London, UK: Routledge (2014)

Authors
Andrew Loke
Hong Kong Baptist University
Abstract
The Incarnation, traditionally understood as the metaphysical union between true divinity and true humanity in the one person of Jesus Christ, is one of the central doctrines for Christians over the centuries. Nevertheless, many scholars have objected that the Scriptural account of the Incarnation is incoherent. Being divine seems to entail being omniscient, omnipotent and omnipresent, but the New Testament portrays Jesus as having human properties such as being apparently limited in knowledge, power, and presence. It seems logically impossible that any single individual could possess such mutually exclusive sets of properties, and this leads to scepticism concerning the occurrence of the Incarnation in history. A Kryptic Model of the Incarnation aims to provide a critical reflection of various attempts to answer these challenges and to offer a compelling response integrating aspects from analytic philosophy of religion, systematic theology, and historical-critical studies. Loke develops a new Kryptic model of the Incarnation, drawing from the Greek word Krypsis meaning ’hiding’, and proposing that in a certain sense Christ’s supernatural properties were concealed during the Incarnation.
Keywords No keywords specified (fix it)
Categories (categorize this paper)
Buy this book $43.97 new (27% off)   $47.96 from Amazon (20% off)   $55.66 used (7% off)   Amazon page
ISBN(s) 1472445732   1138081787   9781472445735
Options
Edit this record
Mark as duplicate
Export citation
Find it on Scholar
Request removal from index
Revision history

Download options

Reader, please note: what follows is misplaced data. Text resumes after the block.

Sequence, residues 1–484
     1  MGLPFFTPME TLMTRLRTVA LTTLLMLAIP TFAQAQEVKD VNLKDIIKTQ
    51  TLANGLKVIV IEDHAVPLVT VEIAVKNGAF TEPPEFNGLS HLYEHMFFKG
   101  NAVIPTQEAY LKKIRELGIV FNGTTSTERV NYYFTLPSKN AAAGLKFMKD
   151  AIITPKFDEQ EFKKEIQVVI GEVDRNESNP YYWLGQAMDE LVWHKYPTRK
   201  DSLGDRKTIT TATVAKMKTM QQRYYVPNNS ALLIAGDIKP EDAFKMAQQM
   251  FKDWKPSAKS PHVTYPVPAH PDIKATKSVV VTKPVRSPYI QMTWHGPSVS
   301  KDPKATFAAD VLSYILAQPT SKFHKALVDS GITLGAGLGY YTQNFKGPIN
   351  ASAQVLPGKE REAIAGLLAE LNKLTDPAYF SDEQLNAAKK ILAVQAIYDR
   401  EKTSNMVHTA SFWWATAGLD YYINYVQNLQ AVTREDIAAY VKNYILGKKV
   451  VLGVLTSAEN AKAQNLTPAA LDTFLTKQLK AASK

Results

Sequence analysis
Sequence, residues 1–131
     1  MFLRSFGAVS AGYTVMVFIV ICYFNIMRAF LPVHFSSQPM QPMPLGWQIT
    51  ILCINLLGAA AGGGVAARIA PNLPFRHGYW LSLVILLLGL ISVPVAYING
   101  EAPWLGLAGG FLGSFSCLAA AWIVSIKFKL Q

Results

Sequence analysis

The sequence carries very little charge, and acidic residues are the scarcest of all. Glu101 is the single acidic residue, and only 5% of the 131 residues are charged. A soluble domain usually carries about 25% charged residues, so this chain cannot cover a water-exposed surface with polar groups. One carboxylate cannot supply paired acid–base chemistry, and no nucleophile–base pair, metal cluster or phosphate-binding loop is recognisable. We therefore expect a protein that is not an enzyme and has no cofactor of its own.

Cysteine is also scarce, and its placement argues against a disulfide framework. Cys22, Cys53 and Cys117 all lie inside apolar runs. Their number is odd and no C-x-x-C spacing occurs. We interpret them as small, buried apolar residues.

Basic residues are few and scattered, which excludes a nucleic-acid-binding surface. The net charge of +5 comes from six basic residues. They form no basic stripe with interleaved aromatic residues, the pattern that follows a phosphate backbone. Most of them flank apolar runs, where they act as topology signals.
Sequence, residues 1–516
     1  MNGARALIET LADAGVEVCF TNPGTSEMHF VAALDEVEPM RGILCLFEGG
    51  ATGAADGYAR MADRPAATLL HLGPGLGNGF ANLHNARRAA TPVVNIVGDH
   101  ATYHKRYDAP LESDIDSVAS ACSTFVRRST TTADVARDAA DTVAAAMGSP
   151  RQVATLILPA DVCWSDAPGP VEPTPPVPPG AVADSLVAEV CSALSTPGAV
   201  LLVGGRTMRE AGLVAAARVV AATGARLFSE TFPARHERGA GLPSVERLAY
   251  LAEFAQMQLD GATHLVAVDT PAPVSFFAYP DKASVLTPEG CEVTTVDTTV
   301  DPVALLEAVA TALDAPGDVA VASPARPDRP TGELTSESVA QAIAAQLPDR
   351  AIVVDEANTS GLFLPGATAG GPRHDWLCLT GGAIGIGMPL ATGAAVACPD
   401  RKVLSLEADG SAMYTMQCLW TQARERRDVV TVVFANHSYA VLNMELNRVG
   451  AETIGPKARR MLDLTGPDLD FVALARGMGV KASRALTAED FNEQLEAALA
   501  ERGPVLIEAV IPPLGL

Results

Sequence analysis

PhilArchive copy


Upload a copy of this paper     Check publisher's policy     Papers currently archived: 72,634
External links

Setup an account with your affiliations in order to access resources via your University's proxy server
Configure custom proxy (use this if your affiliation does not provide a proxy)
Through your library

References found in this work BETA

No references found.

Add more references

Citations of this work BETA

Special Issue: The Son of God.Matthew Owen & Fred Sanders (eds.) - 2019 - TheoLogica: An International Journal for Philosophy of Religion and Philosophical Theology.

View all 6 citations / Add more citations

Similar books and articles

Andrew Ter Ern Loke, A Kryptic Model of the Incarnation.James M. Arcadi - 2016 - Journal of Analytic Theology 4:459-463.
On the Coherence of the Incarnation: The Divine Preconscious Model.Andrew Loke - 2009 - Neue Zeitschrift für Systematicsche Theologie Und Religionsphilosophie 51 (1):50-63.
A Kryptic Model of the Incarnation.Paul Copan - 2017 - Philosophia Christi 19 (1):234-237.
Reply to Panelists.Andrew Loke - 2019 - Philosophia Christi 21 (1):49-56.
The Metaphysics of the Incarnation.Anna Marmodoro & Jonathan Hill (eds.) - 2011 - Oxford University Press USA.
Freedom and the Incarnation.Timothy Pawl & Kevin Timpe - 2016 - Philosophy Compass 11 (11):743-756.
Anselm on the Necessity of the Incarnation.Brian Leftow - 1995 - Religious Studies 31 (2):167 - 185.
On the ‘Fittingness’ of the Virgin Birth.Oliver D. Crisp - 2008 - Heythrop Journal 49 (2):197-221.
On the 'Fittingness' of the Virgin Birth.Oliver D. Crisp - 2008 - Heythrop Journal 49 (2):197–221.
Peter Abelard’s Metaphysics of the Incarnation.Anna Marmodoro & Jonathan Hill - 2010 - Philosophy and Theology 22 (1/2):27-48.
Modeling the Metaphysics of the Incarnation.Jonathan Hill - 2008 - Philosophy and Theology 20 (1/2):99-128.

Analytics

Added to PP index
2019-11-16

Total views
14 ( #738,020 of 2,533,815 )

Recent downloads (6 months)
3 ( #198,972 of 2,533,815 )

How can I increase my downloads?

Downloads

My notes